This is a great video from an Irish folklore expert, who is also down to earth (and Irish, which helps) on Easter customs and crafts in Ireland.
Plus YET ANOTHER GUISING DAY! Seriously, y’all over in Europe were dressing up in costumes a lot more often than we Americans do. (Pace-Egging and Easter guising is also a thing in parts of England and Finland.)
Yes, little kids went googing (spelled gugging, but it’s a longish oo that just stops short of the oo in goo) for Easter eggs, and still do in Wexford. The usual days are Holy Saturday or Easter Monday, and the question at the door is “Eggs or money, mam?”
All the Guggin’ for Eggs info that you need! Plus a video of COVID reverse-Gugging (with bonus cruel separation, poor kids).
So Barney Google with the goo-goo-googly eyes was supposed to be understood as having eyes like eggs, maybe….
This video also explains why you really want blessed salt on Easter, or in a blessed Easter basket — to salt your after-Lent eggs with, of course! This makes a lot of sense… People tend to forget that consumption of blessed salt is totally valid use of a sacramental. Cows and calves would also get blessed salt as a protective treat.
Also, RTE says that kids were often sent out of the house to build “Easter houses,” which were basically little dens or camps where the kids could roast or boil their Easter eggs over their own little campfires. Probably this allowed the adults to get Easter dinner done.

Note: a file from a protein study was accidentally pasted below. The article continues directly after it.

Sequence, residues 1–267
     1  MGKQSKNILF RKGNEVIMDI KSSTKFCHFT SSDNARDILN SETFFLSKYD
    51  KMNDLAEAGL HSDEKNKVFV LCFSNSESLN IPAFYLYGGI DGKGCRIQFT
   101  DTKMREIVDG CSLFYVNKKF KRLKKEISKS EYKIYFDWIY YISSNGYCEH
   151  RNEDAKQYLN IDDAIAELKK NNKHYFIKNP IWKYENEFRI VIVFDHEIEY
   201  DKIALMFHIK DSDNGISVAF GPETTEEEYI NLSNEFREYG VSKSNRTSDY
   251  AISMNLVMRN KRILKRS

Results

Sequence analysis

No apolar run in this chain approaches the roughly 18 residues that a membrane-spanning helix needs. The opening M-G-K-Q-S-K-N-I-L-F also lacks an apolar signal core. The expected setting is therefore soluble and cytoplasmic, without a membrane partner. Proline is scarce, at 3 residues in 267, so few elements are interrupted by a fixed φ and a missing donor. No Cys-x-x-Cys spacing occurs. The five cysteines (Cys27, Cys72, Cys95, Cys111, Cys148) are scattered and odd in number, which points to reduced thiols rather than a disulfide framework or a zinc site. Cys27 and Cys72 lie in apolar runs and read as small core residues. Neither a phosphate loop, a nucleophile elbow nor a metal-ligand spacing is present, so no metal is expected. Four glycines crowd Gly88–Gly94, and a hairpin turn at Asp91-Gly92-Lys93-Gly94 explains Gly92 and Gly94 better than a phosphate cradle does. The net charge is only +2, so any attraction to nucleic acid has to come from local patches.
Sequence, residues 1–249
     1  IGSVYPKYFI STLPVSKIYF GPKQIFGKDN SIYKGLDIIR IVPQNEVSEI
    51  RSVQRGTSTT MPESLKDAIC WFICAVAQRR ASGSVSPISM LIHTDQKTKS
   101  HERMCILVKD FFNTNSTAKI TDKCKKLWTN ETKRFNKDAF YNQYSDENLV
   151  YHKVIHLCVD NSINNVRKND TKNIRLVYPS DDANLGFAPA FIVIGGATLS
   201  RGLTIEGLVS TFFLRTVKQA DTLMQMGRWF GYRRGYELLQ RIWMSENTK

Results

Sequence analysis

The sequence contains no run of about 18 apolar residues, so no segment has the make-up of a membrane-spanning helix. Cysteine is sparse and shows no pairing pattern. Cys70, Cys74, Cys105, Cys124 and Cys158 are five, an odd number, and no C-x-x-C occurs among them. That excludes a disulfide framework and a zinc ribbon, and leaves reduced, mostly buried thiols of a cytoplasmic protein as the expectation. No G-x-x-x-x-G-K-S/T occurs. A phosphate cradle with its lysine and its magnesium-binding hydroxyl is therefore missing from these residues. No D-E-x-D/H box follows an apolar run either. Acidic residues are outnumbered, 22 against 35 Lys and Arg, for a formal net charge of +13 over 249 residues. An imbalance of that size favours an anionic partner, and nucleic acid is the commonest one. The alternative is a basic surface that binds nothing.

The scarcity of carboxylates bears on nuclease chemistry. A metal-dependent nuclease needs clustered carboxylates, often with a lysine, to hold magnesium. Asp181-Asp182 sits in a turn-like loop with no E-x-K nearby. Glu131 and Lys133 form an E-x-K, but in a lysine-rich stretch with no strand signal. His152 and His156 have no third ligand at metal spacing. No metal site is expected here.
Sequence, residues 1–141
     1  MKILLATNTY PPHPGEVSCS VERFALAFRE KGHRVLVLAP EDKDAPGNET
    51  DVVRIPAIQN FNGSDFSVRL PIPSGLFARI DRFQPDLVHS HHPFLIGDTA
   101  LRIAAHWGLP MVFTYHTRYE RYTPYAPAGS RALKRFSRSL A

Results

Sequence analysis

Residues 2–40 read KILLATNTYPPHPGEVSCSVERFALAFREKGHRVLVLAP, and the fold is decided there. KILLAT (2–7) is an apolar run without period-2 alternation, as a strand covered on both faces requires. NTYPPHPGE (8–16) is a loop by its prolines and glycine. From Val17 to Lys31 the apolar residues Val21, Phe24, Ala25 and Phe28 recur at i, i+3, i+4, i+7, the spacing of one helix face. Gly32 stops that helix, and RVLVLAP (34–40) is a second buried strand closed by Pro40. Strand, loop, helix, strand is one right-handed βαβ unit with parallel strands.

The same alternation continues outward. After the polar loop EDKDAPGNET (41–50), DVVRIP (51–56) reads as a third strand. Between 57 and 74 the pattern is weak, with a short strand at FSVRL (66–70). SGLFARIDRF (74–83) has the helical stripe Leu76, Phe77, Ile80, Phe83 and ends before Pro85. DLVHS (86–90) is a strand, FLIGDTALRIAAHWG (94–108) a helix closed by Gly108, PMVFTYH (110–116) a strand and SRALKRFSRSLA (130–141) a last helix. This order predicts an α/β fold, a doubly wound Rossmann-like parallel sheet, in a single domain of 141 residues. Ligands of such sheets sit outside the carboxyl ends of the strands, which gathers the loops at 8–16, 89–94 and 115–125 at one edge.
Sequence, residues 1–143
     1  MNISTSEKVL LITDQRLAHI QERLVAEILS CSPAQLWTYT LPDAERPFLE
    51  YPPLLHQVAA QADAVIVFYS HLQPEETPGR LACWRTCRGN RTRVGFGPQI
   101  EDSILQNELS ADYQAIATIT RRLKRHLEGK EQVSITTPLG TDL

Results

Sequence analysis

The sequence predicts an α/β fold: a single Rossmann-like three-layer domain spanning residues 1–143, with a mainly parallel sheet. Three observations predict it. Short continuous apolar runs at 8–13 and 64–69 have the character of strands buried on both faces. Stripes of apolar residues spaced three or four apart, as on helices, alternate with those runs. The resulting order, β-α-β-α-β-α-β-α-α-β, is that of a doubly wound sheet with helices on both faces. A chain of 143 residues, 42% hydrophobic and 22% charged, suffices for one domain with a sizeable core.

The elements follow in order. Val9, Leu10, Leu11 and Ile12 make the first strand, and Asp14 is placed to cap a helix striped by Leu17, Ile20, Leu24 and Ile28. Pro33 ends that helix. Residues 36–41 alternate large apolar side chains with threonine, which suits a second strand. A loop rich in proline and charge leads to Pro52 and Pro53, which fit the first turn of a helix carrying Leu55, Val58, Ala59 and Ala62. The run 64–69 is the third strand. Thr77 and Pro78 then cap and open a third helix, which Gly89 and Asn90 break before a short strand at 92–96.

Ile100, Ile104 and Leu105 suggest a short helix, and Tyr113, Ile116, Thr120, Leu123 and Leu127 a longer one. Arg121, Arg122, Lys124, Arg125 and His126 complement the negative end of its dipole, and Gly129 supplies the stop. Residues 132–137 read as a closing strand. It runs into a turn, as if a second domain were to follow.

In some places, the adults joined the fun and had a Cludog egg picnic with a fire. This was also a good time to color your eggs with natural (and short-lived) dyes like gorse-yellow or onion-skin red/brown. In the old days, they would get spotted with wax, or strings would be used for dye resist.
The Easter folklore video shows pics of these children’s campfire techniques!
Egg-rolling (down a hill) and egg-eating contests are also Irish traditions for Easter. (And if you had gotten up at 4 in the morning to watch the sun rise (and possibly dance for joy), you’d be pretty slaphappy also.
Apparently Polish immigrants getting Easter baskets blessed, have been an impetus for Irish people to start getting their Easter baskets blessed again! Ha! This is a Holy Saturday thing.
Finally, there’s decorating May Bushes, on May 1, with SAVED EASTER EGG SHELLS strung on rags and strings. So a May bush is really an egg tree, possibly even with blessed eggs from Holy Saturday.